"Survival of the fittest" is a common term to describe natural selection. However, it is not necessarily the "fittest" who survive. First, a more accurate phrase would be "survival of the fit enough." In most populations, organisms with many different genetic variations survive, reproduce, and leave offspring carrying their genes in the next generation. It is not simply the one or two "best" individuals in the population that pass their genes onto the next generation. These organisms may not be the "fittest" in the population, but they are "fit enough" to pass their genes onto the next generation." Secondly, in evolutionary terms, fitness has a different meaning than most people associate it with. An organism's evolutionary fitness indicates its ability to get its genes into the next generation; this doesn't always correlate with strength, speed, or size. For example, a bunny with fur colored more similarly to its environment will be less likely to be spotted by predators than a bunny with fur that stands out — meaning that the more camouflaged bunny will likely have higher evolutionary fitness than its stronger, larger counterparts.
Considering how it is not necessarily the "fittest" who survive and what makes an organism the "fittest" is variable, why organisms still get cancer and have other ailments can be answered. Natural selection doesn't produce perfect organisms. Living things are often made up of traits resulting from trade-offs —improving one feature for the better may hurt another for the worse (For example, the sickle cell trait can cause a sickle cell crisis if a person exercises too intensely, but the trait protects from malaria). And because organisms have arisen through complex evolutionary histories, their future evolution is often constrained by traits they have already evolved. For the same reason, organisms often have what appear to be useless features. Vestigial organs are body parts that have little to no purpose. They are remnants left from evolutionary ancestors. Humans have more than 100 vestigial organs, the most known of which are the appendix, wisdom teeth, coccyx, and male nipples. Often traits are nonadaptive due to the result of another characteristic. For example, the color of blood is not adaptive. There's no reason that having red blood is any better than having blood of any other color. Blood's redness is a by-product of the chemistry of hemoglobin, which causes it to reflect red light.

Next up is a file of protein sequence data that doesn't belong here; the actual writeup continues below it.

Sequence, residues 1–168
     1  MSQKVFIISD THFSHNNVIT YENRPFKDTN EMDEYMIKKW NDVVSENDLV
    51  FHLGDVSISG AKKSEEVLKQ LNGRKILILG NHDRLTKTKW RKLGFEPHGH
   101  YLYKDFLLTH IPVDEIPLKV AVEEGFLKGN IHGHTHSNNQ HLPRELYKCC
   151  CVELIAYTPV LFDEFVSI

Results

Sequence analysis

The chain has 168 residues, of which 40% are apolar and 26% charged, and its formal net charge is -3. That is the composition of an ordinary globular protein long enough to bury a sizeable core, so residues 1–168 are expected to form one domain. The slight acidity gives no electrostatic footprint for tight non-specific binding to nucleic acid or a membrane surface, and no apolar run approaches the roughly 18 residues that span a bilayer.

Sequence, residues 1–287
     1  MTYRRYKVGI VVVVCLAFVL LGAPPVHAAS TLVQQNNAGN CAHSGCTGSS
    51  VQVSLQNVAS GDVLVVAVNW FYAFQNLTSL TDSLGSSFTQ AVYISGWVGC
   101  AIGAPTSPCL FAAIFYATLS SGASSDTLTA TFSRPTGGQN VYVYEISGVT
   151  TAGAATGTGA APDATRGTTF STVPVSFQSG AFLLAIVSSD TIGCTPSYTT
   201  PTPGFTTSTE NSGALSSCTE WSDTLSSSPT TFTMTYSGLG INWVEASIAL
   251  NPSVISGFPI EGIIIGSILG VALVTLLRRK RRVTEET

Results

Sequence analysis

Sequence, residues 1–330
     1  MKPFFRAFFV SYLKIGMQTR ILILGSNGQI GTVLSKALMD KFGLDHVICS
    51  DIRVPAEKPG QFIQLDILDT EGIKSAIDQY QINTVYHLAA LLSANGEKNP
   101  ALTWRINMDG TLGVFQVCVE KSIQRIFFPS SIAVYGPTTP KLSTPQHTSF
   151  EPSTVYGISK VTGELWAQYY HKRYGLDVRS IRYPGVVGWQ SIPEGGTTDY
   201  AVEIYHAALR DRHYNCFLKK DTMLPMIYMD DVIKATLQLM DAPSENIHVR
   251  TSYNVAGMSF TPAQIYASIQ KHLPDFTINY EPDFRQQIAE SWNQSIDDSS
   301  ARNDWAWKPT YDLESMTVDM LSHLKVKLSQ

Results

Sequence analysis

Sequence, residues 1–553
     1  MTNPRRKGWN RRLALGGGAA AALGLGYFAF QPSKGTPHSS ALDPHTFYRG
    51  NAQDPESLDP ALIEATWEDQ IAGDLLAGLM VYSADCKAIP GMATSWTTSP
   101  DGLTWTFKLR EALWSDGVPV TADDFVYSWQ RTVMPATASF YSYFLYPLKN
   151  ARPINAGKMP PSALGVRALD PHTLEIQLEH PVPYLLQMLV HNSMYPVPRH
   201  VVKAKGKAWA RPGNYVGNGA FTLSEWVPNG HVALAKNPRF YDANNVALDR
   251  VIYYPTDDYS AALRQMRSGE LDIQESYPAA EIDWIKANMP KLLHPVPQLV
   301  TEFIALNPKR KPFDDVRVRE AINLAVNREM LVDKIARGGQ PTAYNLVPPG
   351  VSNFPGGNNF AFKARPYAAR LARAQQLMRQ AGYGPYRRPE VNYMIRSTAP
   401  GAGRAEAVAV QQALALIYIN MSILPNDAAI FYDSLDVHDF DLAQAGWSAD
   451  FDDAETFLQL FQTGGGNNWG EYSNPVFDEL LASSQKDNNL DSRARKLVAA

Why does evolution allow people to get diseases? Why don't organisms adapt to stop cancer? In summary, during natural selection, which drives evolution, organisms that have good enough traits (that occurred due to random mutations) to survive in their specific environment survive, pass on their genes, and then the next generation has more of their traits, including the ones inherited from their previous evolutionary history even though those traits may be useless or have drawbacks. Biologists continue to use the theory of evolution to study how natural selection and other mechanisms affect the evolution of organisms today.